By: Domen Mezeg / Nova24tv
“This new agreement shows, above all, that firstly, they lack imagination, and secondly, that the programme has absolutely no content. They have no political imagination and no content, that is, no ideas about what to do with Slovenia to continue to help it develop, as it is developing now, under the current government, and they are also not competent enough to pull something like that off,” the socio-political commentator Borut Rončević said about the new agreement of the left-wing opposition regarding the post-election cooperation.
The left-wing opposition has announced that the LMŠ, SD, Levica and SAB parties have agreed on the content of the agreement on cooperation after the parliamentary elections. The leaders of the parties also initialled the content of the document on Friday and are planning to sign it next week. Last month, the president of the LMŠ party, Marjan Šarec, called on the opposition parties and asked them to prepare and sign such an agreement. Šarec proposed a “normalisation” of the state, meaning a formation of a government without the ruling SDS party and the parties that support the latter, in which the prime minister-designate will be determined by the party that receives the most votes in the elections. The leader of the Social Democrats, Tanja Fajon, also said that they intend to add to these points, but that all the parties roughly agree on the joint part of the agreement on cooperation in the post-election period, reports the Slovenian Press Agency.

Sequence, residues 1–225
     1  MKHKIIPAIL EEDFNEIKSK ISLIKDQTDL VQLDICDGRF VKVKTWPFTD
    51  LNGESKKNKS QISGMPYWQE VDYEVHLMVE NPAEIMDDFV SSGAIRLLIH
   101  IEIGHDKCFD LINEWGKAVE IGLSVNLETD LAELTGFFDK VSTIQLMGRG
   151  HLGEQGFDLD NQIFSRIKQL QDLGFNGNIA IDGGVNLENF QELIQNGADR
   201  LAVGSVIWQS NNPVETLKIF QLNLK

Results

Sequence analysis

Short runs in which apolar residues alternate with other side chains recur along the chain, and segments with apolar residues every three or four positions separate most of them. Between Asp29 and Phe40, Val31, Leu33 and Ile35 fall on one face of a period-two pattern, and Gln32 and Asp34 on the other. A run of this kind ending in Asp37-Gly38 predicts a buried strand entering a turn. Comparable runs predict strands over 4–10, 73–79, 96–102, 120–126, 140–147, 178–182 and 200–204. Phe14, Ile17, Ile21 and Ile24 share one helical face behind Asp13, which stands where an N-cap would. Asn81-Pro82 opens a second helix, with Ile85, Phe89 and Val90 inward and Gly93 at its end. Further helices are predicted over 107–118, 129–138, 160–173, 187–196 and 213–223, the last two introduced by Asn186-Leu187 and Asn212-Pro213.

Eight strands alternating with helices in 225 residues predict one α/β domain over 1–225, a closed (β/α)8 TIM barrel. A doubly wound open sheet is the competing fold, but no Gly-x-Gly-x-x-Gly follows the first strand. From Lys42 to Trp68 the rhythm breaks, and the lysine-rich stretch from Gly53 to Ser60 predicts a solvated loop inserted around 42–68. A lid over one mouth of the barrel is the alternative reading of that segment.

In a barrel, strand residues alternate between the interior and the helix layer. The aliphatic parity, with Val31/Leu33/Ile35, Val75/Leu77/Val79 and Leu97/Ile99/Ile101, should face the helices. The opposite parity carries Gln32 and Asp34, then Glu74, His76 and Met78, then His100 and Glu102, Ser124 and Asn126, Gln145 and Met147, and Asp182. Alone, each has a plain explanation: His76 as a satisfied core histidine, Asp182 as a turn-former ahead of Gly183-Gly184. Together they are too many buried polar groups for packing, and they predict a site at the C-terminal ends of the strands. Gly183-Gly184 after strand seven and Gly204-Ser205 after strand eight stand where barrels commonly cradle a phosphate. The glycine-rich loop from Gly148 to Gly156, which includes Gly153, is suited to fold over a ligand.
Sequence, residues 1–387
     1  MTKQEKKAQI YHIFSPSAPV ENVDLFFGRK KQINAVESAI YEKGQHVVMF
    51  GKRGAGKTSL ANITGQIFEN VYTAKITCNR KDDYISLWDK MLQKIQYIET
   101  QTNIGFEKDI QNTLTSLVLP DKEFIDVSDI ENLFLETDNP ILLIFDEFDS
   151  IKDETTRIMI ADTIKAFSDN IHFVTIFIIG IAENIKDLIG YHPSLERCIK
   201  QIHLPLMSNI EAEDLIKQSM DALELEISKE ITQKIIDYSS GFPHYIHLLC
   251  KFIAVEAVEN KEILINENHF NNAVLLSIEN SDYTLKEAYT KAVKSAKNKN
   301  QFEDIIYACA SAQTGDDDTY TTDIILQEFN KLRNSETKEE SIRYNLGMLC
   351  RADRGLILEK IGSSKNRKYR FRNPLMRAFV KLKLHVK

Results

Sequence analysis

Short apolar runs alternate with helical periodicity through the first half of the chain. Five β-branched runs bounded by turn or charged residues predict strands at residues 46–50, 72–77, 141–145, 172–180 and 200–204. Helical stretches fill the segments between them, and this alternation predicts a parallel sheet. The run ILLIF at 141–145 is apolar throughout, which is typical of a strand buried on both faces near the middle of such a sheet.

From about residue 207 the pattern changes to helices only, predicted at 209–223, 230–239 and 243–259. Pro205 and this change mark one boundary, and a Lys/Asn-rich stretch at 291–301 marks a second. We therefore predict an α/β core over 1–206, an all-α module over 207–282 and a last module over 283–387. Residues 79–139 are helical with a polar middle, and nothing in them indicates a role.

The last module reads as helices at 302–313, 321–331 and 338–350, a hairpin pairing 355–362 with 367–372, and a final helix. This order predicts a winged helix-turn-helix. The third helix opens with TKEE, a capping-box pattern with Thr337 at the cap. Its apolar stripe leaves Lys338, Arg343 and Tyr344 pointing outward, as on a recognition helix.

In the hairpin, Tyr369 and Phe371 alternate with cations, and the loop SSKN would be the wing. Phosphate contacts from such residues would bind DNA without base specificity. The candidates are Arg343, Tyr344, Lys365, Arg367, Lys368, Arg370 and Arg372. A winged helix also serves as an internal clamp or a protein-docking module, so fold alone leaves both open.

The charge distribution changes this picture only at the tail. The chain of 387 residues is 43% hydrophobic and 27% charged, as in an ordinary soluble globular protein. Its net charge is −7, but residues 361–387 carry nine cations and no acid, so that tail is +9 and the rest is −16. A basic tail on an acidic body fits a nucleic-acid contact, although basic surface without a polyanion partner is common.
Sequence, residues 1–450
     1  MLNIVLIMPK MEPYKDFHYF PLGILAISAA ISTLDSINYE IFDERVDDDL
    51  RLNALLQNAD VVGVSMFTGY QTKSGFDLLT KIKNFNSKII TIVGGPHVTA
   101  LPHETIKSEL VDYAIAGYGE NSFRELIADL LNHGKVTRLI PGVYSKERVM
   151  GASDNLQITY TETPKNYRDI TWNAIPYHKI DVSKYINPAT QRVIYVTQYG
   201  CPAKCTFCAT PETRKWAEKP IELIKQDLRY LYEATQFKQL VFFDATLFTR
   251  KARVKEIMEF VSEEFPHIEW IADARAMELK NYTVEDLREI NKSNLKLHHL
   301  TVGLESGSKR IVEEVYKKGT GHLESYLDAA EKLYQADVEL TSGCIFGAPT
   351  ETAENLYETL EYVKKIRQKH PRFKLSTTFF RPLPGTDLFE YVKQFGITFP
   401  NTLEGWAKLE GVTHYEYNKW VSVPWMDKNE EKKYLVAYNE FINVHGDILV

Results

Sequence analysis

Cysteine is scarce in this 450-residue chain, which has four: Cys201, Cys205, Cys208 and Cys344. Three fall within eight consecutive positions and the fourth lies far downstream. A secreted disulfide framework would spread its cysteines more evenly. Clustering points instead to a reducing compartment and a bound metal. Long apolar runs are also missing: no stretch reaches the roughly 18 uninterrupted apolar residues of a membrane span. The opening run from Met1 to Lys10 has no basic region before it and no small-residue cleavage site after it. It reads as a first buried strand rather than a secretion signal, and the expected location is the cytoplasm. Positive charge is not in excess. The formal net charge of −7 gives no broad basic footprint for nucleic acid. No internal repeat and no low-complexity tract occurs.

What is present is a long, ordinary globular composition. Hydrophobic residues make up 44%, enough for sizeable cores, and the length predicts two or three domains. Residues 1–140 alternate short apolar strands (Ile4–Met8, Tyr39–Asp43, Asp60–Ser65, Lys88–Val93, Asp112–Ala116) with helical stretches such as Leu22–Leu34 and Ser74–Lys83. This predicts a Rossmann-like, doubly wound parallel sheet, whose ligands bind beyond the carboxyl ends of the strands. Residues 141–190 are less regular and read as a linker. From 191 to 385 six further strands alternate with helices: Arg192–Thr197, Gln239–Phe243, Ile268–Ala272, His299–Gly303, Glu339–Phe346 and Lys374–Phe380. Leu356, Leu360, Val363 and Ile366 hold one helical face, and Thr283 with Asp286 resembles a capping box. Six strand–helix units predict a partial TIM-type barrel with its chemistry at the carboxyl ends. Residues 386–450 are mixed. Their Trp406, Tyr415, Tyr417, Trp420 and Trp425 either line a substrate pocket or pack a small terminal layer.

We asked two socio-political commentators for their opinion on the moves of the left-wing opposition – Sebastjan Jeretič and Borut Rončević. Jeretič explained that so far, the parties have not offered anything besides the typical anti-Janšaism. “Even if they offer some empty content points, this will still not be a programme coalition that is working for something, for some changes in Slovenia. And the other thing is that this move is, mostly, only intended for the outside public. Namely, this is an attempt to give the impression of the unity of these four parties, which will, in fact, be in a fierce race against each other for the votes next year.” Jeretič believes that they will not form a shared list that might achieve a group result but will instead compete with each other. The question, however, is how the real moves in the background, especially ones on the ground, will follow this signing of the agreement. For the very “left-wing public,” this is a move that suggests that it is all a matter of forming a solid ‘block’; however, during the time of Šarec’s government, we saw what the reality was.